Like humans, female dogs have a reproductive system and cycle, which enable them to give birth. When your dog’s body is said to be ready to get pregnant, the dog is said to be on heat. Dogs go on heat about twice a year. This begins when your dog is between six months to one-year-old. There are several signs that your dog may have when she is in heat, and the most common is vaginal bleeding. However, your dog may have a silent heat, meaning that she will not bleed or have any other signs of a dog on heat. Read on for more information on silent heat and a dog on heat.
What Is Silent Heat in Dogs?
As mentioned earlier, silent heat is when a dog goes into heat but shows no signs of being on heat. When your dog has silent heat, the dog owner can assume that the dog did not go on heat. This is the reason why you will miss the bleeding of the dog. Some of the reasons why a dog may have silent heat are:
Minimal Signs of Being on Heat
When the signs of being on heat are too minimal, the dog is said to be on silent heat. For instance, maybe the bleeding or discharge was too little that you did not notice it. In other cases, the dog may have discharged and licked away the discharge before you notice it. Unless you are extra observant, it is hard to notice when your dog is on the heat if she has such minimal signs.
Medical problems can also cause silent heat. This is especially if the medical problems have interfered with the reproductive system. In this case, you may miss the signs because the dog did not go on heat. Some of these medical conditions are such as diabetes, cancer, and hypothyroidism, among others.
Type of Breed
Ideally, dogs go on heat twice a year. However, some breeds, such as Basenji, go on the heat only once a year. Therefore, it is possible there were no signs of heat because your dog was not on heat. You can consult with your vet to know how often your dog goes on heat based on her breed.
Why Could Male Dogs Fail to Notice a Female Dog on Heat?
Seeing male dogs highly interested in your dog is one way to prove that your dog is on heat. Even if other signs miss, this comforts dog owners since it assures them that they are on heat. However, if your dog is aggressive towards male dogs, they may fail to come closer even when they sense that she is in heat.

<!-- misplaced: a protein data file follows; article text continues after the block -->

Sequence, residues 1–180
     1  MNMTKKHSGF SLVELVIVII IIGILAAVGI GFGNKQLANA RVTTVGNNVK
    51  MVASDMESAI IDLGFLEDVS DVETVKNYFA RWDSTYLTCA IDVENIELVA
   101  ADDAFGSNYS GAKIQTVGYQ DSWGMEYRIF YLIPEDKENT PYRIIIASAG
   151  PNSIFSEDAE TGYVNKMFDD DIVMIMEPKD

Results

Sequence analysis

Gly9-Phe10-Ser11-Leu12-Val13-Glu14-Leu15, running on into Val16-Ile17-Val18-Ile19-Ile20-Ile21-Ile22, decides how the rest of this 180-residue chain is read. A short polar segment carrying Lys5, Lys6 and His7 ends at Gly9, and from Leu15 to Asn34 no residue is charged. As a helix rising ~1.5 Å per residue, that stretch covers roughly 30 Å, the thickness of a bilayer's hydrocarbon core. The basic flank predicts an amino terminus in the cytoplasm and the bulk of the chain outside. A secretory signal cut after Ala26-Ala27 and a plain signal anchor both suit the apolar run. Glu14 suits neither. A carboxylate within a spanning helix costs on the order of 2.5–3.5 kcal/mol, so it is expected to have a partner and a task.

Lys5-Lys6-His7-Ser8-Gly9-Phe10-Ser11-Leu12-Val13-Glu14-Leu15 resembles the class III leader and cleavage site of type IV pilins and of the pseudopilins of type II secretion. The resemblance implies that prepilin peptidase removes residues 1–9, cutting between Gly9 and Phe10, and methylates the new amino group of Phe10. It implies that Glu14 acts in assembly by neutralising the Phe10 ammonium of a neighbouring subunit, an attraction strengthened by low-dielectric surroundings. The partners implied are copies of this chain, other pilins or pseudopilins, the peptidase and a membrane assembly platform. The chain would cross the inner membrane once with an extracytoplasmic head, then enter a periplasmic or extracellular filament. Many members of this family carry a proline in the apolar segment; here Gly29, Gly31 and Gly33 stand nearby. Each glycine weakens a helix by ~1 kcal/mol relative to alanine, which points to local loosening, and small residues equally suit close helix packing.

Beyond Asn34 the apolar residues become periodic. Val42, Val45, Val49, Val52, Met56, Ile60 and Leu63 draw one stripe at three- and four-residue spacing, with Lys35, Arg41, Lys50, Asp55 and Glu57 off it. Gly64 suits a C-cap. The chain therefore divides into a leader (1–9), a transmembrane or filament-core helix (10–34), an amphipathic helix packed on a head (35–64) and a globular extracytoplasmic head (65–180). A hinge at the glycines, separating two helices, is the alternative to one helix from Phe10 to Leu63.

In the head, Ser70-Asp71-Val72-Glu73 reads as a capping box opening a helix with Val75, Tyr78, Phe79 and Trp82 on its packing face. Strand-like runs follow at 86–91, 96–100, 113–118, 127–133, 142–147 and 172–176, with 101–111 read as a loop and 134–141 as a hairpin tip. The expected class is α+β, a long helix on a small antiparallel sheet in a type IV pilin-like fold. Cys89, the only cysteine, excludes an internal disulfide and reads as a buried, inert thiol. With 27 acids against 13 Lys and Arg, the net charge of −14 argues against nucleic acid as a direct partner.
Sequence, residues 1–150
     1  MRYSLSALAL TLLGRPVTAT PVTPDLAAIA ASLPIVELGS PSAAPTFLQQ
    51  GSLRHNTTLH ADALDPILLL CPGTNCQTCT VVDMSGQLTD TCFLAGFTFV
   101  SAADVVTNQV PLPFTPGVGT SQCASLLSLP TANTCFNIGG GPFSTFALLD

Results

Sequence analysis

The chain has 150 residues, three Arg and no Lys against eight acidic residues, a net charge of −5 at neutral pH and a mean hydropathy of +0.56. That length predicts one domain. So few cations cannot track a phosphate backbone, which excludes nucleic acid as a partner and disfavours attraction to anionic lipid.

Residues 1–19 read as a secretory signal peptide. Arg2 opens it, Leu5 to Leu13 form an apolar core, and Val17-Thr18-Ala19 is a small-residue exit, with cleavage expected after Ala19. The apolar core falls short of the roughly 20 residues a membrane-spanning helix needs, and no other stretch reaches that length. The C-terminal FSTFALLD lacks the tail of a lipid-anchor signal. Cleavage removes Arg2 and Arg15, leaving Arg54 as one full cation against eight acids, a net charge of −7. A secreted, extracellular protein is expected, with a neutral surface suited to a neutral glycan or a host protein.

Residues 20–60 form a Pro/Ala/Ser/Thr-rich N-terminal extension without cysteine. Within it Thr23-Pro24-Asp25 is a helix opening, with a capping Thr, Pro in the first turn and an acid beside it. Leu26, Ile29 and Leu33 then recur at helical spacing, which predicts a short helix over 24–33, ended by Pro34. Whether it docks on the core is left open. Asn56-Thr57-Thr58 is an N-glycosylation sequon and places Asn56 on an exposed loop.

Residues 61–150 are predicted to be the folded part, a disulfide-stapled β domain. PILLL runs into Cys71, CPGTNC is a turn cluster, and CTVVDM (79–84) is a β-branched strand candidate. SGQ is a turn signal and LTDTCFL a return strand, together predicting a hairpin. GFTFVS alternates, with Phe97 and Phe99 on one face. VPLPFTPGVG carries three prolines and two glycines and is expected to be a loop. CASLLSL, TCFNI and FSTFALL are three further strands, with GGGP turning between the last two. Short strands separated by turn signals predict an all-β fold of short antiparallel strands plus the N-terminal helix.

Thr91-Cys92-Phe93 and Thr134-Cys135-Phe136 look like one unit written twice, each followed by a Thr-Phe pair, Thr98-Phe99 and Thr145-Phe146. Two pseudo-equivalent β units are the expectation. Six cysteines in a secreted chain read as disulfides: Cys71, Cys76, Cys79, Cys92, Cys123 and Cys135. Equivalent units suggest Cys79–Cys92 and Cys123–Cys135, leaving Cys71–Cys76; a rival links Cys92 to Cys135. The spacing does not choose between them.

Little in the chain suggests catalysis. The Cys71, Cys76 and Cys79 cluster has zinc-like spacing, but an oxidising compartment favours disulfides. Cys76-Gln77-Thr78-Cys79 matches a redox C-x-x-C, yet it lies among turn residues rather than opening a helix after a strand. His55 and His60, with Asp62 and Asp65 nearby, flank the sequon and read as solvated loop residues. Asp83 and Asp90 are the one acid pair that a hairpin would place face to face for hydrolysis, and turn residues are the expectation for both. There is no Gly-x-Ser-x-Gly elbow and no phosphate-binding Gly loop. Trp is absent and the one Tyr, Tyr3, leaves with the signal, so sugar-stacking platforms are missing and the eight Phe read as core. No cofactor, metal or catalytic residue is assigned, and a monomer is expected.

What Are the Symptoms of a Dog in Heat?
A dog’s heat cycle lasts from about seven to twenty-eight days. However, for most dogs, the heat lasts for 21 days. During this time, the dog will have physical and emotional changes that prepare her for fertilization. Bleeding or spotting is one of the most common signs that your dog is in season. Other signs that may indicate your dog is in season are such as:
Tucking the Tail
When your dog is on heat, the vulva begins to swell. This may make the dog feel uncomfortable and even embarrassed. Therefore, she tucks her tail between the legs to protect and hide the vulva. This happens in the early days of being in season.
A dog on heat has several body discharges. For this reason, she feels obliged to keep cleaning away the discharges. This is probably why you have not noticed any spots that could indicate that your dog is on heat. Therefore, if your dog is cleaning more than usual, the high chances are that she is on heat.
Scent Changes and More Socialization
When the dog is on heat, hormonal changes in her body make her change her scent. This is the scent that invites the male dogs, and they keep smelling her vulva. Additionally, by the time the dog is in her second stage of being on heat, she becomes flirtier with other dogs, especially the male dogs.
Sure, bleeding is one of the surest signs that your dog is on heat. However, if your dog did not bleed, watch out for other signs of being on heat, such as those mentioned above. Talk to your vet if you are worried that your dog did not go on the heat when you expected her to.